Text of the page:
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Is the Internet of Secure Things a step closer?

As from 2024, smart devices have to meet minimum security requirements. If they do not, they may not be sold on the European market. This emerges from a recent decision by the European Commission. Carolien Nijhuis, EVP Internet of Things at KPN, welcomes the step. “Users have a right to expect secure IoT products.”

In addition, from 2024 onwards smart consumer electronics have to be tested for security vulnerabilities and must no longer be supplied with a weak default password. Updating the software should be as simple as possible. This also applies to managing, protecting and deleting personal data. And the supplier must have a responsible disclosure policy so that a security hole in the software can be reported responsibly. These minimum safety requirements are also laid down in the ETSI EN 303 645 standard.

“It is legislation that everyone has asked for and that everyone was waiting for,” Nijhuis says. According to the EVP Internet of Things, the cyber security of IoT devices is still something that is unfathomable to most users. “They simply have to trust that the smart thermostat, interactive doorbell or connected coffee maker is secure. There is no quality mark by which secure devices can be recognized. The new legislation will change that. Devices that do not meet the minimum security requirements are not eligible for CE marking.”

Security not built-in

According to Nijhuis, the new legislation is the right response to the popularity of the Internet of Things. The popularity of the IoT is rising at a phenomenal rate. There are already some 35 billion devices connected to the internet. That number is expected to rise to 125 billion in 2030. “We live and work in a cloud of IoT devices that collect and process data about our lives with the best of intentions. They make life easier, more fun or more sustainable.”

This spectacular growth also has a significant downside, however. The “building in” of security from the start is often forgotten when IoT devices are being developed. “IoT devices can collect highly sensitive personal data and provide insight into aspects such as someone's heart rate or current location,” says Erno Doorenspleet, CTO of KPN Security, “But without protective measures, privacy is at stake and serious cyber incidents can occur.”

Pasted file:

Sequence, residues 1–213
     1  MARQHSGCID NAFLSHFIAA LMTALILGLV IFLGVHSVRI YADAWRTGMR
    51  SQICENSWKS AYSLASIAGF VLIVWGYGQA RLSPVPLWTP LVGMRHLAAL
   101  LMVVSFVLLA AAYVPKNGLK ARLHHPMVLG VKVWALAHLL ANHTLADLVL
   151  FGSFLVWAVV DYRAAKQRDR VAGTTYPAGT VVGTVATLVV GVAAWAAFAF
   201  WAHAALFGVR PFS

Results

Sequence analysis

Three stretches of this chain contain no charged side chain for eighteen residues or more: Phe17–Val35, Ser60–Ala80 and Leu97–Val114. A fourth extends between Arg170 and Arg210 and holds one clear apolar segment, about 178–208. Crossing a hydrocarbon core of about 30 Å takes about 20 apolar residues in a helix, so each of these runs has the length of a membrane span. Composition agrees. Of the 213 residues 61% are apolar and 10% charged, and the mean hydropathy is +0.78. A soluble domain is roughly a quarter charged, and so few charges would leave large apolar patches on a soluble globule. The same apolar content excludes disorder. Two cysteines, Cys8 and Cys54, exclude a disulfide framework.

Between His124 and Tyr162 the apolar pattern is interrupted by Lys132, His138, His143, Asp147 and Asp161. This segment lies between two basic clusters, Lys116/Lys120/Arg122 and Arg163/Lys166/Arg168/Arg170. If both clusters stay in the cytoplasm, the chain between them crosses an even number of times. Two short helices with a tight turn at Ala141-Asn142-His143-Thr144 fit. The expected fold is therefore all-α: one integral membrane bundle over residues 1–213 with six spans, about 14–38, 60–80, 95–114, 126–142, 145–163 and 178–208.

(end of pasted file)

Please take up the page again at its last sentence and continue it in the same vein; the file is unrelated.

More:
So there’s a risk that cybercriminals will eavesdrop on conversations or peek into the bedroom via baby monitors, children's toys or smart TVs. An unsecured smart doorbell can give hackers access to the home network and the data that can be found there. With a copy of that data they can commit identity fraud. And unsecured IoT consumer electronics can be incorporated into a botnet such as Dark Nexus that enables criminal organizations to carry out DDoS attacks.

"There is no quality mark by which secure devices can be recognized. The new legislation will change that."

Carolien Nijhuis, EVP Internet of Things at KPN

Kiwa and KPN help

The new legislation is therefore good news for the users of the IoT but, according to Doorenspleet, this does not mean that it is easy to comply with the legislation. “As KPN, we help manufacturers with this by means of certification and advice, by jointly developing a product, and by applying the security during development and not afterwards. In our state-of-the-art lab we can also test the security of a working prototype thoroughly to see whether the product complies with the ETSI EN 303 645 standard."

In the field of the certification of IoT consumer electronics KPN Security has entered into a cooperation agreement with Kiwa, which specializes in testing, inspection and certification. As part of this agreement, Kiwa accepts the test results of KPN Security's test lab for the purpose of issuing a product certificate. With this certificate the manufacturer can be sure that the product may be sold in Europe. For the consumer, the certificate is proof that the product is safe to use.

Una società più sicura possibile

Secondo Nijhuis, è naturale che Kiwa e KPN siano partner. “Lo slogan di Kiwa è ‘Creiamo fiducia in tutto il mondo’”. E questo concetto si sposa perfettamente con i valori di KPN. I costruttori di elettronica di consumo IoT possono contare sulle conoscenze e sull’esperienza che KPN IoT ha acquisito sul mercato. Ora stiamo collaborando per risolvere il problema sociale rappresentato da prodotti IoT non sicuri”.

“La sicurezza è nel DNA di KPN”, conclude Doorenspleet. “I consumatori devono essere certi della sicurezza dei nostri servizi e prodotti. Ecco perché investiamo molto tempo e denaro nella sicurezza informatica. Le conoscenze da noi maturate rientrano anche nella nostra KPN Security Policy (KSP) e rappresentano per noi uno standard minimo per ogni nuovo sviluppo. Insomma, racchiude le nostre “norme di sicurezza”. Mettiamo a disposizione la nostra KSP gratuitamente, è il nostro contributo alla transizione verso una società digitale che sia la più sicura possibile”.

Vorresti saperne di più di Kiwa e KPN Security, un unico punto di riferimento per la valutazione indipendente, i test e la certificazione dell’elettronica di consumo IoT? Scrivici attraverso il nostro modulo di contatto.

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